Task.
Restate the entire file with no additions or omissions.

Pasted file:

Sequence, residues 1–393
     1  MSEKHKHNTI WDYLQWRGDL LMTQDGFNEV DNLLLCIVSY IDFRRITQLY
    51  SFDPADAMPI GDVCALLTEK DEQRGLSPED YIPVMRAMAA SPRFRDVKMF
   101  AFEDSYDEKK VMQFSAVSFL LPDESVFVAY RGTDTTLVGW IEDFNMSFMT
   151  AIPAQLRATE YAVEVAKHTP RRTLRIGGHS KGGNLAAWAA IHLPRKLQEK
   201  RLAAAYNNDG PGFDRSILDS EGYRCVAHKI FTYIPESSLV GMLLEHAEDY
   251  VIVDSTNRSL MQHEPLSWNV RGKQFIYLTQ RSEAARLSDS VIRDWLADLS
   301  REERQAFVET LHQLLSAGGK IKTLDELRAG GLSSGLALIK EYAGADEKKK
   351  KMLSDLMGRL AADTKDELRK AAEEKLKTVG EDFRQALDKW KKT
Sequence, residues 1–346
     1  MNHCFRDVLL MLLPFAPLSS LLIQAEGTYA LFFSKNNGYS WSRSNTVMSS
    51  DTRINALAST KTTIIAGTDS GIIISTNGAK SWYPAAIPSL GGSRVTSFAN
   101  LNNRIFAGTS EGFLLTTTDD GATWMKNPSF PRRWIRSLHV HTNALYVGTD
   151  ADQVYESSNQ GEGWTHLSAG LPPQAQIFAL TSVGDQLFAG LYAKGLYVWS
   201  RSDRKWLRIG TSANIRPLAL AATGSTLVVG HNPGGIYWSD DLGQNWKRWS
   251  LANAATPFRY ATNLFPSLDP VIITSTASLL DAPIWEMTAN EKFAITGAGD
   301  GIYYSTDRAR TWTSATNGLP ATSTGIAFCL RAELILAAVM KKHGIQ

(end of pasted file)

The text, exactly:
Sequence, residues 1–393
     1  MSEKHKHNTI WDYLQWRGDL LMTQDGFNEV DNLLLCIVSY IDFRRITQLY
    51  SFDPADAMPI GDVCALLTEK DEQRGLSPED YIPVMRAMAA SPRFRDVKMF
   101  AFEDSYDEKK VMQFSAVSFL LPDESVFVAY RGTDTTLVGW IEDFNMSFMT
   151  AIPAQLRATE YAVEVAKHTP RRTLRIGGHS KGGNLAAWAA IHLPRKLQEK
   201  RLAAAYNNDG PGFDRSILDS EGYRCVAHKI FTYIPESSLV GMLLEHAEDY
   251  VIVDSTNRSL MQHEPLSWNV RGKQFIYLTQ RSEAARLSDS VIRDWLADLS
   301  REERQAFVET LHQLLSAGGK IKTLDELRAG GLSSGLALIK EYAGADEKKK
   351  KMLSDLMGRL AADTKDELRK AAEEKLKTVG EDFRQALDKW KKT
Sequence, residues 1–346
     1  MNHCFRDVLL MLLPFAPLSS LLIQAEGTYA LFFSKNNGYS WSRSNTVMSS
    51  DTRINALAST KTTIIAGTDS GIIISTNGAK SWYPAAIPSL GGSRVTSFAN
   101  LNNRIFAGTS EGFLLTTTDD GATWMKNPSF PRRWIRSLHV HTNALYVGTD
   151  ADQVYESSNQ GEGWTHLSAG LPPQAQIFAL TSVGDQLFAG LYAKGLYVWS
   201  RSDRKWLRIG TSANIRPLAL AATGSTLVVG HNPGGIYWSD DLGQNWKRWS
   251  LANAATPFRY ATNLFPSLDP VIITSTASLL DAPIWEMTAN EKFAITGAGD
   301  GIYYSTDRAR TWTSATNGLP ATSTGIAFCL RAELILAAVM KKHGIQ